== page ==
ALABAMA 3 seem to have become the default band for Highland festivals.
This year alone saw them fit in return visits to both RockNess and Belladrum, along with another sneaky visit to Bella outside the festival season for a family party.
December finds the London based band back in the Highlands for a return visit to The Ironworks, but for Larry Love, co-frontman of the band with Scotsman Jake Black, it does not seem to be too much of a chore making the long trek north.
"I don’t know if it’s because I’m Welsh and Jake’s Glasgae and it’s the Celtic thing, but I really enjoy it there," Love, real name Robb Spragg, said.
Given the outlaw band’s country influences, there is also a sense that band are bringing their music back to its roots when they return to Scotland.
"Jake can trace a lot of it back to Scottish reels and things like that and you can argue a lot of country and blues came from that indigenous folk music," Love said.
"African slaves copied Scottish reels and blended it with African music. There were a lot of weird connections going on."
Love had an insight into those origins on his last trip to Belladrum where he met a stonemason who revealed that he likes working to a rhythm, and now Love wants to go back and record him.
"It would be like working on a chaingang or something," he added.
Sunday’s Ironworks visit will be different from the last time the band came to the venue. On that occasion it was an acoustic Alabama 3, stripping their music back to its delta and country blues roots. This time it will be the full Alabama 3 Sound System as the band embrace their own techno influences.
"This is the full brigade," Love acknowledged.
The split in musical personalities reflects not only the diversity within the band — the cut-down acoustic incarnation allowing other band members to go and do their own thing — but the willingness of fans to embrace different styles of music.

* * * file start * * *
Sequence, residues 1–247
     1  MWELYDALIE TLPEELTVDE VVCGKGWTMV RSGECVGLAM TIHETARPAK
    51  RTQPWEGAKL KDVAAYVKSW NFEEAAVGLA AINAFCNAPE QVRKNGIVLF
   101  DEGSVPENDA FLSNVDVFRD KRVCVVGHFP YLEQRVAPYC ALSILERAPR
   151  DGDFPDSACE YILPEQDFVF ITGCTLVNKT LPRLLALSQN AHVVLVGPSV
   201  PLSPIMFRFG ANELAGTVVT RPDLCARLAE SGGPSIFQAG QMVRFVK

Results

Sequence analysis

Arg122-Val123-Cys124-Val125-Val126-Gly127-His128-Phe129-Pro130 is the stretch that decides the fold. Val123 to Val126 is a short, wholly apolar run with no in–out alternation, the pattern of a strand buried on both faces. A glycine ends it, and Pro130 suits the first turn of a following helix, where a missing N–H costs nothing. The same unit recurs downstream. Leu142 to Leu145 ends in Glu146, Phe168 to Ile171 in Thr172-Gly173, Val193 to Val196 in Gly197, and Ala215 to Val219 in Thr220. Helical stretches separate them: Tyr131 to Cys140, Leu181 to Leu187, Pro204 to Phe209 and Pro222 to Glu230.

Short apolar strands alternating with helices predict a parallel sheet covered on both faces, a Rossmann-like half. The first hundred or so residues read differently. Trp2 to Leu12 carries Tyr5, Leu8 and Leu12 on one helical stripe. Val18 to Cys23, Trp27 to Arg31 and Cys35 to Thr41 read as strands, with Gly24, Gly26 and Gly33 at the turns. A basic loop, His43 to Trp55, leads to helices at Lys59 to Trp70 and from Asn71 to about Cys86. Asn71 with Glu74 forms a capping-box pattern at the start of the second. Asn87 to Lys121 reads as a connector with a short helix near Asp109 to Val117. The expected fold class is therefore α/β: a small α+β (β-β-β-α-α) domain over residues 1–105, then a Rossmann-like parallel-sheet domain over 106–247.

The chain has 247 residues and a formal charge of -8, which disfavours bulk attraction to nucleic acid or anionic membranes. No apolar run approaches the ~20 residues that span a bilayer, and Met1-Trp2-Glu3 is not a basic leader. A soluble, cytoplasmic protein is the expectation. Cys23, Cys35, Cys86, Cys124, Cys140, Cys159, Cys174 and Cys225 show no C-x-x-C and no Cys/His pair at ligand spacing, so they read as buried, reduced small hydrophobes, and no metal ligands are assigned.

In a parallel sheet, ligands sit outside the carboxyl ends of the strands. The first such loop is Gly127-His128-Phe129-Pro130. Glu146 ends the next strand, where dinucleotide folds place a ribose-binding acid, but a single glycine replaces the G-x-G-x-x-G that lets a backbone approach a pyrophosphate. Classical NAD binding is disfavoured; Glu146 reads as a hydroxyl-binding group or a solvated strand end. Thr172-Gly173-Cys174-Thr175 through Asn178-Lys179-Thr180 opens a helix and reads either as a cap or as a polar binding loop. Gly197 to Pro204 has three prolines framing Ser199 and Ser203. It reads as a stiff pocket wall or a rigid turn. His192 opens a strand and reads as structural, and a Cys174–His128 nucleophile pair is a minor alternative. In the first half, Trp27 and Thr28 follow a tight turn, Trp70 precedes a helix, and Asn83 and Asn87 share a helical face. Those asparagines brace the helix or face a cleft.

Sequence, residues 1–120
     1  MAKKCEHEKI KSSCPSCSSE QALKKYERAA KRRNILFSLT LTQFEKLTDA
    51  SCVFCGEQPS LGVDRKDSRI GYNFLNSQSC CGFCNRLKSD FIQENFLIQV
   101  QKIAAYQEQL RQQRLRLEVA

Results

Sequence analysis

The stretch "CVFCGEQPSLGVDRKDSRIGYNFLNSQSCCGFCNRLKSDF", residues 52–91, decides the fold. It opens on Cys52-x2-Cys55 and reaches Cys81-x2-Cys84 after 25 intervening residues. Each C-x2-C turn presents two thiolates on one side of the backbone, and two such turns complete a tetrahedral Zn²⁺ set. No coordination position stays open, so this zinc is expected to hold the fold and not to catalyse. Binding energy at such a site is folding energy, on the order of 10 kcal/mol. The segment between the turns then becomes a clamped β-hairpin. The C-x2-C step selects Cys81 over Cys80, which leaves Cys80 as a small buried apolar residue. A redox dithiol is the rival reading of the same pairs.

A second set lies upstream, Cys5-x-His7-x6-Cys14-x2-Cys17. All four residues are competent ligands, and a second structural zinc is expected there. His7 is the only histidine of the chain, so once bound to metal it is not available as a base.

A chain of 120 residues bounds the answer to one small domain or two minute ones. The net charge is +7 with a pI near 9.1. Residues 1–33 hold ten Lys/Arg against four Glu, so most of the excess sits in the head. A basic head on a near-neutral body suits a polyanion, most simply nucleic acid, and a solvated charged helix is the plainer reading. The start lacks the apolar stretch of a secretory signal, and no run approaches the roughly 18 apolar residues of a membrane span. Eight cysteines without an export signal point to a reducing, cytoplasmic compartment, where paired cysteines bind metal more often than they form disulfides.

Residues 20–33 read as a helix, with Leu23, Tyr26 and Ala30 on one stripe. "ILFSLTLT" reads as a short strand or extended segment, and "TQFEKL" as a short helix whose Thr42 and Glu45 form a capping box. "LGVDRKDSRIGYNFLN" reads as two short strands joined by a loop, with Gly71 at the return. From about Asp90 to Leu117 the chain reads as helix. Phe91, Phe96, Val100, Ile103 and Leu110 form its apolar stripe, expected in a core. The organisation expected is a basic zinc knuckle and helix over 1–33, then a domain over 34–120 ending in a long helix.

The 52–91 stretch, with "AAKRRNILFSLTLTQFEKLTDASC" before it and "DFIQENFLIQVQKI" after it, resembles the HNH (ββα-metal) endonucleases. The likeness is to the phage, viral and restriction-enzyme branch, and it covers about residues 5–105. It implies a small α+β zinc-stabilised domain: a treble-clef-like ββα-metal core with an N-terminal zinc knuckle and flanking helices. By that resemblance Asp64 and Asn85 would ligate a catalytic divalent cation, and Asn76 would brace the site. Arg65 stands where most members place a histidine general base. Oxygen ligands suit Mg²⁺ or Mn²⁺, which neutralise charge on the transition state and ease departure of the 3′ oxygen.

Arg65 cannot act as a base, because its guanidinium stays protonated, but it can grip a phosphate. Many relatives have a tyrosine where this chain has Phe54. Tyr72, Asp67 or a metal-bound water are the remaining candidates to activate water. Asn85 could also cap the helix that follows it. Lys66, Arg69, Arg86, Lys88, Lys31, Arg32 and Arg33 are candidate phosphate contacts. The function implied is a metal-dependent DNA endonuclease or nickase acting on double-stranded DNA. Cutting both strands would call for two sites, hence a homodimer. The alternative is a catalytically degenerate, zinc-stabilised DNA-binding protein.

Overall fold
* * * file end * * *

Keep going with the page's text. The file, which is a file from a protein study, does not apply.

"Young musicians are all in four or five bands and we’ve always encouraged splinter projects. These days kids listen to such a wide variety of music. 10 or 20 years ago, you wouldn’t have dared play your dad’s records. Now kids are a lot more democratic in what they listen to," Love said.
"When we’re playing with the acoustic band, it’s just that basic Woody Guthrie thing with an acoustic guitar and two or three singers. With the full band we can go from nine up to 11."
It also seems apt that Alabama 3 are making their latest Inverness appearance on the Sabbath. With Love and Black, otherwise known as The Very Reverend Dr. D. Wayne Love, taking a cue from southern revivalist meetings with their "First Presleyterian Church of Elvis the Divine".
"I come from a church background anyway," Love said, acknowledging the influence of that old time religion and the musical traditions of his homeland, where music, sacred and secular, has always been a means of binding communities together.
"I’m from the South Wales valleys, an area that was very much devastated by Margaret Thatcher and her policies," he said.
"I still have this about the capacity of music to bring people together in a very positive way. And in depressed times, you need to bring people together."
• Alabama 3 appear at The Lemon Tree, Aberdeen, on Saturday and The Ironworks, Academy Street, Inverness, on Sunday. Inverness support comes from The Whiskys.